NSPCC. Cruelty to children must stop. FULL STOP

NSPCC inform.

Navigation menu list for sections above the current page
NSPCC inform
Research, statistics and information
Research reports
Briefings and factsheets
NSPCC's information service
NSPCC's helpline
NSPCC's Child Trafficking Advice Centre (CTAC)

Recommended adult to child ratios when supervising children

NSPCC factsheet

April 2013

Guidance on appropriate levels of supervision for children of different age groups and with different needs.

When working with groups of children or young people, it is important that the level of supervision is appropriate to their age group and their needs, which may be very specific. In general, younger children need to be more closely supervised and will require a higher adult to child ratio.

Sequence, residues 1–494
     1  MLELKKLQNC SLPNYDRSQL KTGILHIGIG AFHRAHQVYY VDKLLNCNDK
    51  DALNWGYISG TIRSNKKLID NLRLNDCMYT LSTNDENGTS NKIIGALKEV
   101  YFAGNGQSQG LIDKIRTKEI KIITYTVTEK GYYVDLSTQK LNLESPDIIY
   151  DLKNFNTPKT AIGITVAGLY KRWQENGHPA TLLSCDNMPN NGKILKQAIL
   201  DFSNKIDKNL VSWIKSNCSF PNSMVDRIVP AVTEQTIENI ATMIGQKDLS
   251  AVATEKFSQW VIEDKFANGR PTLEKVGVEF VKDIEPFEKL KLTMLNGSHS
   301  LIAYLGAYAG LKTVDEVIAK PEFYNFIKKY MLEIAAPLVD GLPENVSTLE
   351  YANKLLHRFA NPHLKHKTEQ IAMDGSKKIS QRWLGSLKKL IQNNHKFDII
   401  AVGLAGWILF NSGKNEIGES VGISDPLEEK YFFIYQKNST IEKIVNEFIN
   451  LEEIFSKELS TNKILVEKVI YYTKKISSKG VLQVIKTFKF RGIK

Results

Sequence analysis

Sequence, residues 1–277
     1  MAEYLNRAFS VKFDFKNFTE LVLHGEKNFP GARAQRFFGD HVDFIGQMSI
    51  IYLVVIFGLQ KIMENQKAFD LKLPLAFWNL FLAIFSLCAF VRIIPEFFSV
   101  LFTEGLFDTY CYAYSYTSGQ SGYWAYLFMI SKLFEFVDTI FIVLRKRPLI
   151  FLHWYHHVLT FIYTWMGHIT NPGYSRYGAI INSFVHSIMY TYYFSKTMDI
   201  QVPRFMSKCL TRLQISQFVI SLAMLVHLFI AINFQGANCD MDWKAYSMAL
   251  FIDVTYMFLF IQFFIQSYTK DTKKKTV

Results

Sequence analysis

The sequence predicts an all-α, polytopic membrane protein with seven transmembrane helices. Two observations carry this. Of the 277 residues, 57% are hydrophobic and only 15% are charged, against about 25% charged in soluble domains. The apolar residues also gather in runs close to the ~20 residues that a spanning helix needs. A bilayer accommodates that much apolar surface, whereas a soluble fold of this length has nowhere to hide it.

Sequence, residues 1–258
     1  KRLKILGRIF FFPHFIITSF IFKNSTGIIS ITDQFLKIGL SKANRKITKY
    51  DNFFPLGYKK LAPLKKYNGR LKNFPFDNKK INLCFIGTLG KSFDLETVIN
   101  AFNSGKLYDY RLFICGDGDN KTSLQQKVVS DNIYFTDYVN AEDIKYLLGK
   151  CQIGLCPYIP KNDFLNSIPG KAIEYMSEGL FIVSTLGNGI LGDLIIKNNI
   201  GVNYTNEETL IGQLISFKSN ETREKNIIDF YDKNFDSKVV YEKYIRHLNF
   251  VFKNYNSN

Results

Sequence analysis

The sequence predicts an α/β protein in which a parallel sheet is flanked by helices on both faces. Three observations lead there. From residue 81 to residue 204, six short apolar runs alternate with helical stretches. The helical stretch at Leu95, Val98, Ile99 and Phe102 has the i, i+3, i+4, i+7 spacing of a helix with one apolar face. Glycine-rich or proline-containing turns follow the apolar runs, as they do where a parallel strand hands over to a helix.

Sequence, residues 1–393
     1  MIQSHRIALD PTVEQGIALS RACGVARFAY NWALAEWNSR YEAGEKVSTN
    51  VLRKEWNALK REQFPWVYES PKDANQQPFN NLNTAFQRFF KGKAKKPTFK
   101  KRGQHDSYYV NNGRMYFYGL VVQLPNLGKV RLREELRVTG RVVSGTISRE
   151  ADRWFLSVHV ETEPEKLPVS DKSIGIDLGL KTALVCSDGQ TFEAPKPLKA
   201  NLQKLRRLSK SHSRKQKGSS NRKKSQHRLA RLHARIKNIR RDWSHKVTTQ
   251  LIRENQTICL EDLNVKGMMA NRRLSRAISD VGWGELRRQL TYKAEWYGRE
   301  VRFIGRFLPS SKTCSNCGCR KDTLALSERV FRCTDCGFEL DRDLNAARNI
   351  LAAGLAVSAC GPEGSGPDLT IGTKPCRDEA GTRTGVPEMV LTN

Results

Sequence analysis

The following are the adult to child ratios we would recommend for voluntary organisations:

  • Aged 0 - 2 years:
    1 adult to 3 children
  • Aged 2 - 3 years:
    1 adult to 4 children
  • Aged 4 - 8 years:
    1 adult to 6 children
  • Aged 9 - 12 years:
    1 adult to 8 children
  • Aged 13 - 18 years:
    1 adult to 10 children.

If the group is mixed gender, the supervising staff should also include both male and female workers wherever possible.

When deciding on the number of adults required, it is important to bear in mind that these ratios are guidelines only: in certain situations it will be necessary to have a higher number of adults than our recommendations suggest. If, for instance, the children or young people have specific support needs, or a risk assessment identifies behaviour as a potential issue for the group or event, the number of supervising adults will need to be higher.

It may not always be possible to adhere to these recommended ratios. However, every effort should be made to achieve the best level of supervision of children at all times.

Related content

SafeNetwork (accessed April 2013) Adult to child ratios for organisations supervising or working with children.

Contact the NSPCC's information service for more information about codes of practice and child protection